TORONTO (Reuters) - Strong economic data and a central bank growth forecast suggested on Tuesday that Canada’s recovery from recession is on track, though soft private sector demand and a buoyant currency were seen as risks.
Canada’s composite leading indicator put up an unexpectedly strong performance in December, and stretched its streak of gains to seven months, in the latest sign that the worst of the recession is over.
The Bank of Canada trimmed its 2010 growth forecast slightly but it still predicted the economy would grow 2.9 percent this year, boosted by increased confidence, improved financial conditions, global growth and better export prices.
The central balanced that view by cautioning about the considerable slack in the economy, lack of private sector stimulus so far in the recovery, and the unfavorable impact of a strong currency on exporters.
Canada exited recession in the third quarter, but barely, though fourth-quarter data has shown more bounce. In addition to predicting growth this year, the Bank of Canada raised its growth forecast for 2011, when it expects private sector demand to drive the economy.
The bank will provide more details in Thursday’s Monetary Policy Report (MPR), the bank’s quarterly economic projection, and in an ensuing press conference by Governor Mark Carney.
“While some of the economic deck chairs get moved about in the post meeting statement, the general thrust of the Bank of Canada thesis remains consistent with what was seen in October’s MPR,” said Stewart Hall, an economist at HSBC Securities Canada.
The Bank of Canada’s rate announcement and pledge to keep its conditional commitment to low interest rates until the end of the second quarter came on the heels of the strong leading indicator report.
The indicator soared 1.5 percent in December, the biggest month-on-month increase for almost 27 years, spurred by household spending and a surging stock market, Statistics Canada said.
It handily beat forecasts for a 1.0 percent increase in the index after November’s 1.3 percent rise, and for the second consecutive month, none of the index’s 10 components fell.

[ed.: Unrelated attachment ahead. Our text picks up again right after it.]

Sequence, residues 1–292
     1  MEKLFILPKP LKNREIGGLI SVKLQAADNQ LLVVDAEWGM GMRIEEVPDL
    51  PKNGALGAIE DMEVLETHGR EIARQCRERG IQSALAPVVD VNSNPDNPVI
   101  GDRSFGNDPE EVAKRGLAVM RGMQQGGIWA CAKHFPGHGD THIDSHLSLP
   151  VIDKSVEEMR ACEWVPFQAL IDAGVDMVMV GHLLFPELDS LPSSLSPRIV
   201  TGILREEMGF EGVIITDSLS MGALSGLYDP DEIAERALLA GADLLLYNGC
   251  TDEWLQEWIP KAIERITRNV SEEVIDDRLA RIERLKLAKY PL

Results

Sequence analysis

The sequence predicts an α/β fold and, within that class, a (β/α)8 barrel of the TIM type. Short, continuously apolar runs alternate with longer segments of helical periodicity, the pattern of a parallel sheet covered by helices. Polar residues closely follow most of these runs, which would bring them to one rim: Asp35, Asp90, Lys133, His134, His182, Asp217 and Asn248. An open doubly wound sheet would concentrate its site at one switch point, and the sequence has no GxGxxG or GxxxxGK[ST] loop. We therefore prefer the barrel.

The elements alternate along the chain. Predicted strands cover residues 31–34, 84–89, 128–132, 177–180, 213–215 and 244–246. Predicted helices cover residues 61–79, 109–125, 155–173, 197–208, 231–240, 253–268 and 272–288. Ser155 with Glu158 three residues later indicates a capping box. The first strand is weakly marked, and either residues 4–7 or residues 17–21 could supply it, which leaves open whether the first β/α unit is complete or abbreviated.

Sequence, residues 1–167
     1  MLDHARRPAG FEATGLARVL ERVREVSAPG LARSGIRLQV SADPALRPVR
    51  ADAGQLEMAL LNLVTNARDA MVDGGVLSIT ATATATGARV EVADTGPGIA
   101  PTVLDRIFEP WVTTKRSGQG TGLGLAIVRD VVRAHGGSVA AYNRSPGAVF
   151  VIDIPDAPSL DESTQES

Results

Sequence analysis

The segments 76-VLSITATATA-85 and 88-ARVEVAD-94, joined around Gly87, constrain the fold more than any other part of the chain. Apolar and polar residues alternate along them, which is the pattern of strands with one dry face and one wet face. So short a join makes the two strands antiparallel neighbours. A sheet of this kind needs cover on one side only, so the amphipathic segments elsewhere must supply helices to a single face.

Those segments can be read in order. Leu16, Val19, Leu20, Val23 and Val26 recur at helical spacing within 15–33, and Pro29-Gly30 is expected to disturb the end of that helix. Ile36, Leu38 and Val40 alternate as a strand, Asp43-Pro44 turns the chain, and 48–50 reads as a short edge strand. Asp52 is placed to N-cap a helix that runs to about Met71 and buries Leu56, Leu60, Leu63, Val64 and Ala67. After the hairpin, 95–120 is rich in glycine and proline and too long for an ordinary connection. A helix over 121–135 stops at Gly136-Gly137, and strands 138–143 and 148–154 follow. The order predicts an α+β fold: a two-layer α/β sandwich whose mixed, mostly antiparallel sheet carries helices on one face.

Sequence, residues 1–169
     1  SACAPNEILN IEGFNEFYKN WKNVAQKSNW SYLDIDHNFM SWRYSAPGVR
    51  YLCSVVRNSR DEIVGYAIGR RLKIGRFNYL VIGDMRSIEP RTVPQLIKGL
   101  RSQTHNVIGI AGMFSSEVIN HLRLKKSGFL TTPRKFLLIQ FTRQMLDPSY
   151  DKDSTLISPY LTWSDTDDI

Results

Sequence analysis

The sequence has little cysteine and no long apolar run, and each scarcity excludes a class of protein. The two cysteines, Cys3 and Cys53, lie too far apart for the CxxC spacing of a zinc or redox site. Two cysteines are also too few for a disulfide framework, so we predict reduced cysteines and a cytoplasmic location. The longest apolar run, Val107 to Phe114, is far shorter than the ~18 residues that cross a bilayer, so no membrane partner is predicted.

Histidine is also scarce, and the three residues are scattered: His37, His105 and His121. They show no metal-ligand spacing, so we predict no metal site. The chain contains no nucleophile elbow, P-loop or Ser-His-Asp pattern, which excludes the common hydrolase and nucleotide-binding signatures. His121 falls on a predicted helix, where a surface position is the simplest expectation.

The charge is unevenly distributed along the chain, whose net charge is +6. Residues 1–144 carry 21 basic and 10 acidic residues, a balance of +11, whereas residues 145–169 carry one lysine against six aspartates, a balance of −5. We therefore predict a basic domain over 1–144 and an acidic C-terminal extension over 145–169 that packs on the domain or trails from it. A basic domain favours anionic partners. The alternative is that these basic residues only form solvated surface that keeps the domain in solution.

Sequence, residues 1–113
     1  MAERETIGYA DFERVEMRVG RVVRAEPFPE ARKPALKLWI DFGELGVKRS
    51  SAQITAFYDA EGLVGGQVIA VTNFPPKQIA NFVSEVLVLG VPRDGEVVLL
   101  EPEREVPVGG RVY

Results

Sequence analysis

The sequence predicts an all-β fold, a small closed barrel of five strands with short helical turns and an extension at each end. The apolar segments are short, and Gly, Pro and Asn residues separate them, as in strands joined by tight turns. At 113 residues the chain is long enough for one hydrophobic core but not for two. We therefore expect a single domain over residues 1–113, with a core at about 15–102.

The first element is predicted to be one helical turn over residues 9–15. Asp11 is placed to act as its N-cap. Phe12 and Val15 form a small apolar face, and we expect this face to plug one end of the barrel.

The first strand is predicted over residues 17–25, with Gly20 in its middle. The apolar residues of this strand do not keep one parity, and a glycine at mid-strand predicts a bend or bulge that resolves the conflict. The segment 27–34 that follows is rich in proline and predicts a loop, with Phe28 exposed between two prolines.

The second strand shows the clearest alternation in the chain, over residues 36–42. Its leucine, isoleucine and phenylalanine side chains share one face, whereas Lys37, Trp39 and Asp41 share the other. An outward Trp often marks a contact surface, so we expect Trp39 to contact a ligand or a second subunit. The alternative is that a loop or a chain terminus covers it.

While the economy appears to be gaining traction with a brighter outlook than this time last year, the Conference Board of Canada said on Tuesday the recovery remains “muted”.
It said government spending would play a major role in the country’s economic growth this year, which it pegged at 2.8 percent after an estimated 2.5 percent contraction in 2009.
“Fiscal stimulus by government is expected to bolster the economy and will compensate for soft growth in private sector investment and exports,” said Pedro Antunes, director of national and provincial forecasts at the Conference Board of Canada.
“Propped up by low borrowing rates and rising confidence, consumers will loosen their purse strings in 2010,” he said.
The Conference Board of Canada agreed with the Bank of Canada’s assessment that private investment spending is expected to be the weak point of the domestic recovery.
Last year, companies slashed investment in structures and machinery due to reduced cash flow, weak demand and tight credit conditions, the Conference Board said in its Winter Outlook report.
It said industry is still running at record low capacity despite improving business conditions. It predicted private investment will grow by 3.4 percent in 2010.
Editing by Jeffrey Hodgson and Peter Galloway